So we've got four receivers flooding the left of the field. Right here it looks like pretty good coverage, but if you look closer inside the circle, (Anthony Hitchens), you'll see that Hitch is looking into the backfield and has let his man get by him.
This could be a bad thing. Hitchens has completely stopped moving, and his receiver is running free behind him. Meanwhile Palmer has escaped the initial pressure and is scrambling to Hitchens side.
By the time Hitch realizes what has happened the receiver is five yards past him and turning and looking for the ball. The only Dallas player left is running deep with another receiver, this could have been a huge play for Arizona.
Get Behind Me Rookie:
This is the the 8th play of the game; Patmon's pick. The formation really isn't important, except to prove I'm not crazy. That's Orlando Scandrick lining up next to McClain, and Dallas in in the dime.
This. Just this. People are talking up his instincts, and i agree the kid has them. But just take this catch in for a minute. Patmon high-points this ball like he's Dez. Jr. Just a pretty, pretty play.
And now he's got a convoy. Look at Anthony Spencer out in front, and notice that he's just passing the 40 yard line.
And here's Spencer picking up a block at the 20 yard line.
And here he is still blocking at the 10. Not bad for an old man a lot of people didn't think would play again. It was a heck of a play by the rookie, but it was the veteran who turned it into a special play. Way to be Almost Anthony.
Almost Patmon, Learning New Tricks:
And here's another DIme formation! No I'm not crazy!
Two things to note; one Rolando McClain is coming in on a biltz. Second, Scandrick is hightailing it sideways, not backwards. Why is that?
Because if it's a dime formation Tyler Patmon is coming to make a play! Scandrick is running to pick up Patmon's zone, meanwhile Patmon, (yellow circle), is coming hard off the edge).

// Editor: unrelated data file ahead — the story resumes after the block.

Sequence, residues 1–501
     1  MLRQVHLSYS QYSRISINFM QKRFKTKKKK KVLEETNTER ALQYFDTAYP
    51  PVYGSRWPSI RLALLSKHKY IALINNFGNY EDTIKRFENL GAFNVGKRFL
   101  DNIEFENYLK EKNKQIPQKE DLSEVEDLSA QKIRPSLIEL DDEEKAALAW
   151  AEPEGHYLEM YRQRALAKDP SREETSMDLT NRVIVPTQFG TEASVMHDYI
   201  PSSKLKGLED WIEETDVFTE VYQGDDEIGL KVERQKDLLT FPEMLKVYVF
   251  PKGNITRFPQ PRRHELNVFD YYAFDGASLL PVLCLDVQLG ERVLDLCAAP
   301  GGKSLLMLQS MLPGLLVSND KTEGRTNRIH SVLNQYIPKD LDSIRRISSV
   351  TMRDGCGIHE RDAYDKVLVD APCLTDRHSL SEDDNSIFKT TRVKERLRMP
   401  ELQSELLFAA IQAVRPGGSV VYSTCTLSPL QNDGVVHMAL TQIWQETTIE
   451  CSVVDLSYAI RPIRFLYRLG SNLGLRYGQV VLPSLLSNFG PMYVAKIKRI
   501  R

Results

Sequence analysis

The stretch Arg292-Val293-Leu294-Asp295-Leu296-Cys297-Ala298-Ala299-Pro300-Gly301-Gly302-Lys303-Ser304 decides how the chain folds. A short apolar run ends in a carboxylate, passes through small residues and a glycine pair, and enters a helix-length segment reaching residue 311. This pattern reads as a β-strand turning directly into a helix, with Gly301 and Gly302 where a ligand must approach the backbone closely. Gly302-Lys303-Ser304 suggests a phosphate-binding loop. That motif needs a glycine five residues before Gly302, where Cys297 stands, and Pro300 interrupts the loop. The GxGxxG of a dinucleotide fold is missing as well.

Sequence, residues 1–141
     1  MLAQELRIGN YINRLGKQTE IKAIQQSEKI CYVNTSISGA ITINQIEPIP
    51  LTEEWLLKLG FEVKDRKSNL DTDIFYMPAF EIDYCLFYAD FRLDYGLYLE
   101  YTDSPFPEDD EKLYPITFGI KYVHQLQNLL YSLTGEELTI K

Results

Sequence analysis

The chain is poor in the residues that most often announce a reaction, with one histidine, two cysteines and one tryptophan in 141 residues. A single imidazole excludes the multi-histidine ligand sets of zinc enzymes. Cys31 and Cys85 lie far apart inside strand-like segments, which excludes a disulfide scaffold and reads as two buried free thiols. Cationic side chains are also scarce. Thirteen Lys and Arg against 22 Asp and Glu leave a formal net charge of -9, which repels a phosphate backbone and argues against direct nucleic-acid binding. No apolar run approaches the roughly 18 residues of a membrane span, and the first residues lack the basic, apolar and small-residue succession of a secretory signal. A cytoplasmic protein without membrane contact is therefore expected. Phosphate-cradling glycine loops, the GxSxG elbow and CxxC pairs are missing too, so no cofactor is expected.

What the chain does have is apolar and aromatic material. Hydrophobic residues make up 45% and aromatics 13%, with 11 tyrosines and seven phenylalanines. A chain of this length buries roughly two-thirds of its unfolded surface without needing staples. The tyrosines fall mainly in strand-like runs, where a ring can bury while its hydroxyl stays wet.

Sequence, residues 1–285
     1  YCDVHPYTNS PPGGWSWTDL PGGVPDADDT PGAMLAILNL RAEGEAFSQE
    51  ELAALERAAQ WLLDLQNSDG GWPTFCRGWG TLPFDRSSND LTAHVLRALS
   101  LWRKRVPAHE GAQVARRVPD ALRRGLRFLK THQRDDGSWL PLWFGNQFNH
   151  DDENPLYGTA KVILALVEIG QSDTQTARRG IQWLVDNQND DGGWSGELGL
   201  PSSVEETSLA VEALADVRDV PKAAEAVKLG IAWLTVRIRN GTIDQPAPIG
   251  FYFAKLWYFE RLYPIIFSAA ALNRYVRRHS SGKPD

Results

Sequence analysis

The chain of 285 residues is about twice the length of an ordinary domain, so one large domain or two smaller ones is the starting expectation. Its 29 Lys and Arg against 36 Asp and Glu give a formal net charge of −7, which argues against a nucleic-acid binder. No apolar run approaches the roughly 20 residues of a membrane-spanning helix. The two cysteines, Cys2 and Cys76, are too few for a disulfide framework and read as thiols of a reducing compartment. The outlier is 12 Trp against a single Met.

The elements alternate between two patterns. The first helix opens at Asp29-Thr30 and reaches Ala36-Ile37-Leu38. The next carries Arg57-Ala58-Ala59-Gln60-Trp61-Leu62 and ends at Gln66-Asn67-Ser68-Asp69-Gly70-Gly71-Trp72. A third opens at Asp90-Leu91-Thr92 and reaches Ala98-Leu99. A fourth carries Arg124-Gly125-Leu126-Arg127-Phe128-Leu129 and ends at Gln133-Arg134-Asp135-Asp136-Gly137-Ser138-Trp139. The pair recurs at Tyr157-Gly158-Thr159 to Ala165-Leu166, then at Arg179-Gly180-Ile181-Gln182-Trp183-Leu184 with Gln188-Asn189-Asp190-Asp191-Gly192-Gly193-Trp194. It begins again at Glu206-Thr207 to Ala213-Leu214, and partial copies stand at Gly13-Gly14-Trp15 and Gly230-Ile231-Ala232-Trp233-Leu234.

Arizona's line does a great job picking up the blitz though. Isn't this a crazy picture? If Palmer had any mobility he could walk this in for a score.
Somehow though, Patmon breaks free of the pile and is about to absolutely bury Palmer.
Except somehow, someway, Palmer escapes. Does he scramble and find an open man? Yes, yes he does. Was this 3rd and 10? Yes, yes it was. Do the Cardinals score five plays later? Sigh.
And This Is How They Scored 5 Plays Later: Did you know that all three of Carson Palmer's touchdowns came on 3rd down? Aren't facts fun?
And it's also true that the first two touchdowns came against our dime package. Which we see here.
This play is all about McClain. Look at his eyes; he is looking to his right, (offenses left), right from the snap.
I'm not really sure what Mcclain is sighting on here, but Palmer is clearly looking the other way. At the top of the screen J.J. Wilcox has read Palmer's eyes and is making his move.
Too late though, Brandon Carr has gotten beat inside for an easy touchdown. So if Carr was clearly beat, why am I harping on McClain? Well this is one of those situations where each moving part has to be in harmony for the defense to be successful, yes Carr was beat but why?
Looking at the coverage it looks like Carr is playing with outside technique. Look at his hips; they are slanted to funnel the receiver inside. It appears as though he's expecting help, but as the blue circle show's no help is there.
The receiver gladly takes the inside. But with no help there is just too much room, and it's an easy touchdown. This play just looks weird; why would Wilcox and McClain be stacked vertically like that? Someone blew a coverage, and my guess is its' the middle linebacker.
Well there you go fellow BTBer's. Why do you think Carter's playing time was so sporadic? Is he injured? Ineffective? Or does Jason Garrett really just hate him?